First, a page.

Today, the Center for Biological Diversity filed a formal notice of intent to sue Mazda-Toyota Manufacturing, and the city of Huntsville over the construction of an auto plant near the habitat of one of Alabama's rarest fishes.
This comes one day after construction resumed after being halted for a week. During this time the manufacturing company met with the Center for Biological Diversity to review the site.
Mazda-Toyota chose this TVA megasite in Limestone County.
Independent environmental experts evaluated the project design and determined the best management practices are robust, and protect the endangered fish.
Mazda-Toyota is being build on a 2,400-acre area west of Huntsville. The $1.6 billion automotive assembly plant, known as the "Huntsville Mega Site."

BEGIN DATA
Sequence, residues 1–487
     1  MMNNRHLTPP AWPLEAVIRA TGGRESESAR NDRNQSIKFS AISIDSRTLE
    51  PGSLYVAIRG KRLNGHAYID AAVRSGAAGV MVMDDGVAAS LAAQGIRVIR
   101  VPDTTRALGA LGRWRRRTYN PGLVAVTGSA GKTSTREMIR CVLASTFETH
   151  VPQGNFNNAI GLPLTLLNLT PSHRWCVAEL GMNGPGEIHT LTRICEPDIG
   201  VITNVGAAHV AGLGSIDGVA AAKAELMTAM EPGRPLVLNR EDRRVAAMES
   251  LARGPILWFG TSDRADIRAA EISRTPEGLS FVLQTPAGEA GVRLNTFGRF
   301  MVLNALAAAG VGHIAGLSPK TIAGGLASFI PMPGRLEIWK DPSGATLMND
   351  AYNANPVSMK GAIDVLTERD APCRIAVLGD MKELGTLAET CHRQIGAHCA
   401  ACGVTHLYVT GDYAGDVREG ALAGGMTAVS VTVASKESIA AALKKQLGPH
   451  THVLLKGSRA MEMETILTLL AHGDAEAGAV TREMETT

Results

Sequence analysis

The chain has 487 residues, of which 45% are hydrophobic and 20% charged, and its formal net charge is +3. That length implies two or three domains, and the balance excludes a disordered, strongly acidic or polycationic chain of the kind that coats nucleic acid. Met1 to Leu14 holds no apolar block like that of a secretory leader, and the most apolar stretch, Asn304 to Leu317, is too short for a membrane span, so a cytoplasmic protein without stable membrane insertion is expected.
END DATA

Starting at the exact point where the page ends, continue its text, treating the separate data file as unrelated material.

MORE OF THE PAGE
The Center of Biological Diversity says, the construction threatens to pollute and degrade springs, steams and wetlands that support the endangered spring pygmy sunfish.
The City of Huntsville released a statement saying the following:
The threat of this type of development led the U.S. Fish and Wildlife Service to protect the sunfish under the Endangered Species Act in 2013. The act requires Mazda-Toyota and the City to prepare a habitat conservation plan and apply for an incidental take permit before they begin construction.
Elise Bennett, The CBD's Attorney told WAAY 31," they haven't seen any type of comprehensive plan on how their plant will affect the fish and how they are going to be sure the fish won't go extinct."
Mazda-Toyota's communication analyst, Kim Ogle said, "we are confident that the pygmy fish and it's habitat will be adequately protected, and we are ready to move forward.
The agency said, this development located adjacent from the Beaverdam Spring/Creek system would directly impact the Spring Pygmy Sunfishes' habitat by decreasing water quality and quantity.
The Center for Biological Diversity's Attorney told us, "they have not received a response to their letter from either the city of Mazda-Toyota.